Leah Bradshaw

Faculty of Social Sciences

Leah Bradshaw

Professor Specializing in Political Theory
Phone: 905-688-5550 ext. 4282
Email: lbradshaw@brocku.ca
Plaza 339


BA, Honours, Bishop's University, 1975; MA York University, 1978; PhD York University, 1984

Research Interests:

Leah Bradshaw teaches and writes on the history of political thought, as well as on contemporary issues in political theory. Much of her career has evolved from considerations on the work of Hannah Arendt, and has been preoccupied with the breach between classical and modern political thought. Publications included work on canonical figures in the tradition (Plato, Aristotle, Machiavelli, Rousseau, Kant), and on themes such as lying in politics, the relationship between reason and emotions in making judgments, and comparative accounts of oligarchy, tyranny and empire in ancient and modern political theory. Recent interests, both research and teaching, include philosophical understandings of technology and theories of citizenship.

Professor Bradshaw was nominated by her students for TV Ontario's Best Lecturer, 2010

Professor Bradshaw was nominated by her Graduate Students for the Brock University Graduate Student Mentor Award, 2013, and 2014

Current Course Syllabi:

POLI 291

Curriculum Vitae

Selected Publications:

"Immanuel Kant on Sovereignty, Cosmopolitanism and Prospects for Peace", David Tabachnick and Toivo Koivukoski, eds, Defining Peace: The Question of Peace in Political Philosophy (Wilfred Laurier Press, in press) 

“Thinking With Technology”, Thomas Heilke and John von Heyking, eds, Hunting and Weaving: Essays in Empirical Political Philosophy  (Southbend, Indiana, St. Augustine Press, 2012) 115-128

“How Thinking Saves Us”, Lee Trepanier and John von Heyking, eds, Teaching Political Philosophy in an Age of Ideology (N.Y., Rowman and Littlefield, 2012) 27-41

“Oligarchs and Democrats”, David Tabachnick and Toivo Koivukoski, eds, On Oligarchy: Ancient Lessons for Modern Politics (Toronto, University of Toronto Press, 2011) 140-159 (Choice award for outstanding title; named to Hill Times Best 100 Books, 2011)

“Hobbes and Aristotle: Science and Politics”, Ann Ward, ed, Matter and Form: From Natural Science to Political Philosophy (Lanham, Maryland, Lexington Books: Rowman and Littlefield, 2009) 133-146

“Empire and the Eclipse of Politics”, David Tabachnick and Toivo Koivukoski, eds, Enduring Empire (Toronto, University of Toronto Press, 2009) 77-95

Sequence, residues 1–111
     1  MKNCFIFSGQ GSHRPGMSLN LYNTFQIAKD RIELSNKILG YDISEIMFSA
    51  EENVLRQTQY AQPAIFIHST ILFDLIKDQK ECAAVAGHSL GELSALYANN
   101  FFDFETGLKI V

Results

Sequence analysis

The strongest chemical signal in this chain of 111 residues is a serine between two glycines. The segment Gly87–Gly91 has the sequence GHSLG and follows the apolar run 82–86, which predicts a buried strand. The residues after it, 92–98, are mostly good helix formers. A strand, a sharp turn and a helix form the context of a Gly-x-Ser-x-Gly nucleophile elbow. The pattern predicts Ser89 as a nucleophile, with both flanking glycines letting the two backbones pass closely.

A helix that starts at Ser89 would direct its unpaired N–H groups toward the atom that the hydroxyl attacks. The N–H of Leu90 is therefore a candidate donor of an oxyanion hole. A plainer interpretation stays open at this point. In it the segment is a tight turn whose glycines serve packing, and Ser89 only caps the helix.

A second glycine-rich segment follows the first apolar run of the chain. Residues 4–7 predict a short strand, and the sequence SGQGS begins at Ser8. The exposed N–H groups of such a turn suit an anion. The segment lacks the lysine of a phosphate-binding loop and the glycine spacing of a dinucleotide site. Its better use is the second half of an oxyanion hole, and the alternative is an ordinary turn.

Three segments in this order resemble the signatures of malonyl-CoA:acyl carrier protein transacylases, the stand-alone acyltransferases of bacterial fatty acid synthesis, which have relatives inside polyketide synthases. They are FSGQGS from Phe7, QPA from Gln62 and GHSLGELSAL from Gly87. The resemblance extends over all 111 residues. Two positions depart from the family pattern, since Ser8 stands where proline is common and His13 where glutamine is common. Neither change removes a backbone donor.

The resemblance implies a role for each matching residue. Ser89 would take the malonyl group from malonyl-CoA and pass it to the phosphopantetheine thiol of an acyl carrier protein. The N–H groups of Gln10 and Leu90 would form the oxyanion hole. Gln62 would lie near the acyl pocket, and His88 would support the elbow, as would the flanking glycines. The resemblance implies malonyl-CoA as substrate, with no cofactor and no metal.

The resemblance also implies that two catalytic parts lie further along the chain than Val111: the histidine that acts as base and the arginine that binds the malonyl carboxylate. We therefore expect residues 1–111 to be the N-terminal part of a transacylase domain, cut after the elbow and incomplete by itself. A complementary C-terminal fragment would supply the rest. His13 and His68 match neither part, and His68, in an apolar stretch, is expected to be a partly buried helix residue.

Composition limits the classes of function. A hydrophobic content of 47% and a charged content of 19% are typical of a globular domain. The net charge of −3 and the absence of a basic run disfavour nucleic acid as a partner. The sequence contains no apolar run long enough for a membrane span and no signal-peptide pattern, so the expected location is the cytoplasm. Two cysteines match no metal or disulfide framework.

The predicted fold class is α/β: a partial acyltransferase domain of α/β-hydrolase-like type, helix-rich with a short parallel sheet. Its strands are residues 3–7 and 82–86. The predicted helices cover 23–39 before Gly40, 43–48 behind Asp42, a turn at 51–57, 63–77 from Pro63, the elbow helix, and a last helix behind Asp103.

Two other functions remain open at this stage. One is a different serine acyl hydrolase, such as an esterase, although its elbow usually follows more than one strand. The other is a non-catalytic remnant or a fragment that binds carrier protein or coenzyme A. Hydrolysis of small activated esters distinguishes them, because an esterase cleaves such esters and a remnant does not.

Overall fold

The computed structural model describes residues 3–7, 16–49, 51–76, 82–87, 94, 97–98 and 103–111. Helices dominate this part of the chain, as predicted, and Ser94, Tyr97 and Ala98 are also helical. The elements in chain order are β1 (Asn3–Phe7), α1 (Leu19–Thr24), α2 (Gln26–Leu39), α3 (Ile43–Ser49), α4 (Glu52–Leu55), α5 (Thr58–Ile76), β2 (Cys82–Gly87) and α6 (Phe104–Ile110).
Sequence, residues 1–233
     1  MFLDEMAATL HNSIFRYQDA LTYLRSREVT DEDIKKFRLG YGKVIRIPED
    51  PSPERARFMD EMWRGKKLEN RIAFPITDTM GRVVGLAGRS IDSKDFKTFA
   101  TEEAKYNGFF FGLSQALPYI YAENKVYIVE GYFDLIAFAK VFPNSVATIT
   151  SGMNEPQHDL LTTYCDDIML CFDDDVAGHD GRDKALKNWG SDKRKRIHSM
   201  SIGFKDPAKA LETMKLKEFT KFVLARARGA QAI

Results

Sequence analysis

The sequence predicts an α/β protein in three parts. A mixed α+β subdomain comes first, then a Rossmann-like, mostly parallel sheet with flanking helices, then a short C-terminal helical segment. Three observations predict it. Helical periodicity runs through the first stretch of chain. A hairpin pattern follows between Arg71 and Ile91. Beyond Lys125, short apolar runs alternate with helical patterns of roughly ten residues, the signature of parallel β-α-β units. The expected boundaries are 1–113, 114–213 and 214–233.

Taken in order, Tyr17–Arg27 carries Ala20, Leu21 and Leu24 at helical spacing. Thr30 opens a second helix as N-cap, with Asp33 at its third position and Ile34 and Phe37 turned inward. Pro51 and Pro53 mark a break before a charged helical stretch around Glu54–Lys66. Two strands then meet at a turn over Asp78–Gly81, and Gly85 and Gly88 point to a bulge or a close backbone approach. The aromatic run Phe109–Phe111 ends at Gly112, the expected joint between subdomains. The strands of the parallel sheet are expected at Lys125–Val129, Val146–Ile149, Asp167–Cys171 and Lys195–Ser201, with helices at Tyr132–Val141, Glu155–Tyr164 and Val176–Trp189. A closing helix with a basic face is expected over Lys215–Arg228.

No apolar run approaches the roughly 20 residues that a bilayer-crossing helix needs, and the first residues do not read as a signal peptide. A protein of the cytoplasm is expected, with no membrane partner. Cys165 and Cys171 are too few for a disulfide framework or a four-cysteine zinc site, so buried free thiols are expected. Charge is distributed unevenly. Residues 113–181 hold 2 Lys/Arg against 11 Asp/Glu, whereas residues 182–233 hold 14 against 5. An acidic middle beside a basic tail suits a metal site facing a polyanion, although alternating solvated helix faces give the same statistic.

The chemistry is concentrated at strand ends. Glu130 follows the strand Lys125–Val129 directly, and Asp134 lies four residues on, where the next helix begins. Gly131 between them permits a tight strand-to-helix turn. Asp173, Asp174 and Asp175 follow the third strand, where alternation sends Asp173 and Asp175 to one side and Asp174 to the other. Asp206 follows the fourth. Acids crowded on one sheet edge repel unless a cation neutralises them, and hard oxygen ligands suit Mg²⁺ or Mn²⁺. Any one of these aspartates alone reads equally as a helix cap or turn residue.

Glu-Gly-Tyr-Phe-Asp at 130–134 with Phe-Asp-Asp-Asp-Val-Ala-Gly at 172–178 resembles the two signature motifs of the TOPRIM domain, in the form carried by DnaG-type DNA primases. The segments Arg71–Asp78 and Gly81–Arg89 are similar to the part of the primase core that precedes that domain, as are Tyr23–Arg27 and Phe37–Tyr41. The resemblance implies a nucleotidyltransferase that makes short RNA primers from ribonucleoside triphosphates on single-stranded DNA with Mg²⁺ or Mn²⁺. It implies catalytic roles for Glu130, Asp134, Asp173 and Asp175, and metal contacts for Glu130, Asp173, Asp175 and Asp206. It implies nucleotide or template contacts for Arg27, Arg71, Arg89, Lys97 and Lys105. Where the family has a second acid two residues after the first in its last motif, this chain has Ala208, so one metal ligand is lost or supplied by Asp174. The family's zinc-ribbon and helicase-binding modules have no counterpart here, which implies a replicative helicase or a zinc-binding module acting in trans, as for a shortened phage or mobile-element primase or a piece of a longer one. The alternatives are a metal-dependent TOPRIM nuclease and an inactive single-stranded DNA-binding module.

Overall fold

“Emotions Reasons and Judgments”, Leonard Ferry and Rebecca Kingston, eds, Bringing the Passions Back In  (University of British Columbia Press, 2008) 172-188

“Narrative in Dark Times”, Irene Blayer and Francisco Fagundes, eds, Studies in Oral and Written Narratives and Cultural Identity: Interdisciplinary Approaches (N.Y., Peter Lang, 2007) 9-25

“Classical Enfleshments of Love”, Katerina Kitsi , ed. The Flesh Made Text: Bodies Theories Cultures in the Post-Millenial Era (N.Y., Peter Lang, 2007) 111-124

“Tyranny and the Womanish Soul”, David Tabachnick and Toivo Koivukoski, eds.,Confronting Tyranny: Ancient Lessons for Global Politics (N.Y., Rowman and Littlefield, 2005) 161-180 (Choice award for outstanding title)

“Technology and Political Education”, Darin Barney, ed. Techne: Research in Philosophy and Technology (9:2) 2005 8-26

Acting and Thinking;  The Political Thought of Hannah Arendt (Toronto, University of Toronto Press, 1989) (Choice award for outstanding title).

Papers Presented:

"Steven Pinker's Our Better Angels Has Violence Declined?", World Philosophy Congress; University of Athens, Greece, Aug 2013

“How Thinking Saves Us”, 6th Annual Tanner Symposium, University of Southern Utah, October, 2011

“Cosmopolitanism and Citizenship”, the Letter of the Law: International Conference at University of Athens, May, 2011

“Ties of Friendship and Citizenship in a Globalized World”, 8th Annual Lecture on the Hill sponsored by the Centre for Cultural Renewal, Parliament Hill, November 26, 2009

“From Republic to Empire”, Annual Meeting of the Canadian Political Science Association, Carleton University, June, 2009

“Aesthetics and Politics”, Annual Meeting of the New York State Political Science Association, John Jay College, N.Y.C., April, 2009

“Telos and Determinism: Two Ways of Knowing”, International Society for the Study of European Ideas”, University of Helsinki, Helsinki, Finland, July, 2008

“Tyranny: Ancient and Modern”, Desmond Pacey Memorial Lecture, University of New Brunswick, March, 2007